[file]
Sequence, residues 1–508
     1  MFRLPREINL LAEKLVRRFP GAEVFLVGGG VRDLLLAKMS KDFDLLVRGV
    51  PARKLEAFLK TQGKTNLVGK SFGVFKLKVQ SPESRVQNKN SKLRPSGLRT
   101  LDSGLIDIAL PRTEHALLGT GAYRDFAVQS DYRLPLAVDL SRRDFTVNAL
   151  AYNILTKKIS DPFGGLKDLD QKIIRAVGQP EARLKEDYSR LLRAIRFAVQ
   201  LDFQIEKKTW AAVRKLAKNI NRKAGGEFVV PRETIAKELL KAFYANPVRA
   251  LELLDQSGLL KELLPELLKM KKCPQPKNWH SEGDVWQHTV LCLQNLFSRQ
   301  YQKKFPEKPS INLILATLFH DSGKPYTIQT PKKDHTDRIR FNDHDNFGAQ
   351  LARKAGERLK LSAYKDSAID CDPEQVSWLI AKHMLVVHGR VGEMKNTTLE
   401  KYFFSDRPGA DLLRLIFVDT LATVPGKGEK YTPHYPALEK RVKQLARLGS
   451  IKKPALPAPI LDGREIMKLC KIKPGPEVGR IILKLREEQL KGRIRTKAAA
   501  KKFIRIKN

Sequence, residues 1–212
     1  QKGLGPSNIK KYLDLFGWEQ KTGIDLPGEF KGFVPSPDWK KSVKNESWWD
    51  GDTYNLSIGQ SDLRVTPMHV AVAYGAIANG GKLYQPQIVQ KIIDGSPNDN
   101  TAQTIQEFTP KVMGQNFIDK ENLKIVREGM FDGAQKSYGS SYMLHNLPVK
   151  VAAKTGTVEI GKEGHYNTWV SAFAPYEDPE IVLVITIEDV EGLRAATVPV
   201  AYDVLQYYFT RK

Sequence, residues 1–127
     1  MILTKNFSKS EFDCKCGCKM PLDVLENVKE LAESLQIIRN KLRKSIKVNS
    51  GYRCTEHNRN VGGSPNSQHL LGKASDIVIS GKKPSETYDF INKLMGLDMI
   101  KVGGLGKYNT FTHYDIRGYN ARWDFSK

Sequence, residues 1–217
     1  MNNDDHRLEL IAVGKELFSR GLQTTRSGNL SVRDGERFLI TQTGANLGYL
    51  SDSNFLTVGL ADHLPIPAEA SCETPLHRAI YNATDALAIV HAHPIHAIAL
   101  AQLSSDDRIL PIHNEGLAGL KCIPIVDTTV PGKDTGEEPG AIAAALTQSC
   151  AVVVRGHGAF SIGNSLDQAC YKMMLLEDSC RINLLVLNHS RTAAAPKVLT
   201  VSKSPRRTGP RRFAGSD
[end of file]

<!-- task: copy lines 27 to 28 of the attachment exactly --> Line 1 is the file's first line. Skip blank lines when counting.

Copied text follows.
   151  AVVVRGHGAF SIGNSLDQAC YKMMLLEDSC RINLLVLNHS RTAAAPKVLT
   201  VSKSPRRTGP RRFAGSD